Security expert and Mozilla Tech Speaker Sumanth Damarla is talking at Voxxed Days Bristol about building Web Security Awareness. We caught up with him to get an idea of the threats to web security in 2017, and how to test and guard against them.


What are the top 5 threats to web security in 2017?

According to OWASP, the top 5 web application vulnerabilities are

  1. A1: Injection.
  2. A2: Cross-Site Scripting (XSS)
  3. A3: Broken Authentication and Session Management.
  4. A4: Insecure Direct Object References.
  5. A5: Cross-Site Request Forgery (CSRF)

Is using Open Source security code (e.g. OAuth libraries) making websites vulnerable to attack?

Organizations believe open source code is secure, since they still believe Linus’s famous quote: “Given enough eyeballs, all bugs are shallow.”

This perspective needs to be changed. It cannot be taken for granted that code available free on the internet is secured. Without making the effort to secure a piece of code yourself, you cannot assume that it is secure. This effort may involve dynamic code analysis, pentesting etc.

When it comes to open source dependencies, for instance, the central repository houses 400000 open source components that are downloaded 13 billion times a year. This means that open source code appears everywhere within the development community. To secure your website from attacks due to open source components you have used, you can follow these steps:

  • Take note of all the open source components used in your website.
  • Mark components with highest severity (severity above 8) and update them at regular intervals.
  • Keep track of the usage of open source components.
  • You can use automation tools like Artifactory, Sonatype Nexus and WhiteSource to manage your open source components.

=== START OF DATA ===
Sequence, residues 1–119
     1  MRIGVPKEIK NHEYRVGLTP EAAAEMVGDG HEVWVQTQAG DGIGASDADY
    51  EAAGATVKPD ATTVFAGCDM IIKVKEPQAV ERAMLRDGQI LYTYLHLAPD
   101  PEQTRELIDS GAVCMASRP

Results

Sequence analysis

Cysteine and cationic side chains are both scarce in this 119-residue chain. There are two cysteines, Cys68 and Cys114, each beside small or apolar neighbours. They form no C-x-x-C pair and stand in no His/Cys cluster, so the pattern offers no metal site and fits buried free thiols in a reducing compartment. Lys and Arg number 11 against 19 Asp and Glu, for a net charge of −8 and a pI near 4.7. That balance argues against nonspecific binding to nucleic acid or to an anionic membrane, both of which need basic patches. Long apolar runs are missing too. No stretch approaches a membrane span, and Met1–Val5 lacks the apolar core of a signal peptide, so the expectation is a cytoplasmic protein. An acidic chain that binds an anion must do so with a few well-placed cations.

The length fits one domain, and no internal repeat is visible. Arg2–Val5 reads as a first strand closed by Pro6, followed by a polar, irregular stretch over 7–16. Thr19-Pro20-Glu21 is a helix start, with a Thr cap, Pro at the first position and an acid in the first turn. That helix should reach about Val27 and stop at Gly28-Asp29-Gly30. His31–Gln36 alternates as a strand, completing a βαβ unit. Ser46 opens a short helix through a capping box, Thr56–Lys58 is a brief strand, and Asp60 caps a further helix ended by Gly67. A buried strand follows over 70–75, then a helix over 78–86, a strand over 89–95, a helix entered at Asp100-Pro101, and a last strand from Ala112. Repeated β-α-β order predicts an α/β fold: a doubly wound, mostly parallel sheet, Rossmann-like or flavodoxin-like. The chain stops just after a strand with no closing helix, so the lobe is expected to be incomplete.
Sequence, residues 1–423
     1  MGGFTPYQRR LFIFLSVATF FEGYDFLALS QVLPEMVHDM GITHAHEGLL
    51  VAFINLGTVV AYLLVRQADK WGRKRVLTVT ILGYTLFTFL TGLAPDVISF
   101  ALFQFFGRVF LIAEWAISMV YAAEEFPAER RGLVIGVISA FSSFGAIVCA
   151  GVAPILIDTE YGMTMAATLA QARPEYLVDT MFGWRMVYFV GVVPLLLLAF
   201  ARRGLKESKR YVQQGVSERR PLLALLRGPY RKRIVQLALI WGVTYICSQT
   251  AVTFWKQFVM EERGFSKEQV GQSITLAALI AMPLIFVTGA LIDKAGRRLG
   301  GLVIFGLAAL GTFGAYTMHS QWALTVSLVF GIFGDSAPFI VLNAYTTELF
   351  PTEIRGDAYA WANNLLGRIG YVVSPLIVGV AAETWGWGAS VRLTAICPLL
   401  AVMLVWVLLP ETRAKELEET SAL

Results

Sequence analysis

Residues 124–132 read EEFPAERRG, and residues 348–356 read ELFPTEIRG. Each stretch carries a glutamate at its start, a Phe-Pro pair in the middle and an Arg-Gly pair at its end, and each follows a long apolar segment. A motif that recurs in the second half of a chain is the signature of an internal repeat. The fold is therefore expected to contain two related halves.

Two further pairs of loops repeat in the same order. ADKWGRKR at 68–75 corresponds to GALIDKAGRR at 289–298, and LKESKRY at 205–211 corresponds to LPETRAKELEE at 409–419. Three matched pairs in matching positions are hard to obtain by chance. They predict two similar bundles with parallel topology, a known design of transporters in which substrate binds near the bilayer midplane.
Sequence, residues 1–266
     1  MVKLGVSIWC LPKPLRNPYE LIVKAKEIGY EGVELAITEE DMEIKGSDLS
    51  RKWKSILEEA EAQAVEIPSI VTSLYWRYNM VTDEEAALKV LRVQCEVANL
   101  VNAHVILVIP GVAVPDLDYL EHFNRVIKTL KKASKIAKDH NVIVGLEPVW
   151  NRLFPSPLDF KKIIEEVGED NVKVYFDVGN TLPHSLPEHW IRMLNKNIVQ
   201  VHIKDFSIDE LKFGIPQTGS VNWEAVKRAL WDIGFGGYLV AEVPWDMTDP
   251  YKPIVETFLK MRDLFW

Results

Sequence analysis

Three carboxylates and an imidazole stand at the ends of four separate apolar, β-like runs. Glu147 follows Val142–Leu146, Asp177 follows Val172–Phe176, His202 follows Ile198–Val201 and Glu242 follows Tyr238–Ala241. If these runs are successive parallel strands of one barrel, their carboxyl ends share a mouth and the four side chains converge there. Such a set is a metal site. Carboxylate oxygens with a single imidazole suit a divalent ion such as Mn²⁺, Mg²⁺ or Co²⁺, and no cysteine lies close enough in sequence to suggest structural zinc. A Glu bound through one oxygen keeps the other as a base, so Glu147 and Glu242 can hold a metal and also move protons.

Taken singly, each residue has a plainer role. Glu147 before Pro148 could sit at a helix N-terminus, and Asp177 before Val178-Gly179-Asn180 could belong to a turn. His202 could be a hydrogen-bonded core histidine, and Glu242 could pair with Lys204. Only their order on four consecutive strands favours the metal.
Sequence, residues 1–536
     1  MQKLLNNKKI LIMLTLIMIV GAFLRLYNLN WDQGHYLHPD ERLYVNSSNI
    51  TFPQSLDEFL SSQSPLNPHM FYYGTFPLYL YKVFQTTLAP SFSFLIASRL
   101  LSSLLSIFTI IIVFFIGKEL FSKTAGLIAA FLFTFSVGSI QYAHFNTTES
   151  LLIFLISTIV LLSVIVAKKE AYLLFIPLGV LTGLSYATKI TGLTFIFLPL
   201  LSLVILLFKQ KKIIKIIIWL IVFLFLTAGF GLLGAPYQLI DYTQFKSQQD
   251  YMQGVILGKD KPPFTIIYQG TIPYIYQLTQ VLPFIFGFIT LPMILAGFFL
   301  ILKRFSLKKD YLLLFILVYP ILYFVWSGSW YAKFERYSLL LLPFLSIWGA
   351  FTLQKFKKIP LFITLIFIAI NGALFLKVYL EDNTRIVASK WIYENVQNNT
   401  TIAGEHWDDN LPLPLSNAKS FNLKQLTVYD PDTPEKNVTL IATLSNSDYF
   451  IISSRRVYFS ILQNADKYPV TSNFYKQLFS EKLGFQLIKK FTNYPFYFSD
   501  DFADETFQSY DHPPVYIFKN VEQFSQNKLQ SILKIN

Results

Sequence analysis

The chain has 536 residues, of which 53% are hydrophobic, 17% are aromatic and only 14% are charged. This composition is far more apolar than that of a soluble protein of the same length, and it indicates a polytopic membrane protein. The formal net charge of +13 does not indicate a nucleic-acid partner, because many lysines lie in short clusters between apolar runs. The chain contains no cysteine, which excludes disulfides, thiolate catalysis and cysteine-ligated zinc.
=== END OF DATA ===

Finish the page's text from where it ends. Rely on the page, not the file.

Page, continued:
How do you detect vulnerabilities?

Vulnerabilities in web applications can be found with dynamic code analysis and penetration testing. There are many proprietary and open source security tools available to test your web application. I am mentioning a few top open web security tools below:

  • Open VAS
  • Vega Scanner
  • Nikto
  • Uniscan

How has web security changed over the past 5 years?

There has been a significant change in the approach of hackers. Their goals have also changed. In the inception, hackers just used to annoy people by changing content on web pages and doing silly pranks. However now there are professional hackers/gangs with the single aim to steal millions of dollars without leaving a trace.

The leakage of user identities (say, 100 million user identities) from a corporate website is not big news anymore. No one is seriously concerned about it.

Countries are engaged in a cyberwar day and night trying to decrypt each others data and make the most of it.

Breach detection tools have significantly improved. Now they can detect malicious activities, even if it is done by a legitimate user!

In the course of time, there are far more breaches in websites than were 5 years ago which just makes us realise we haven’t transitioned into a secure environment yet. Yet although there are many bumps along the road ahead, I believe a safer environment is not far away.


For more, see Securing the Web at Voxxed Days Bristol.


Threats to web security

About The Author
- Katharine is a Java developer by trade, turned Community & Content Manager for Voxxed. Helping developers learn and share knowledge. Contact me at with any news, articles or tutorials.

1 Comment

  • IAmReptar

    Great Article, this sounds like a very interesting presentation! I hope that Voxxed Days talks are recorded as I won’t be able to attend this year :/

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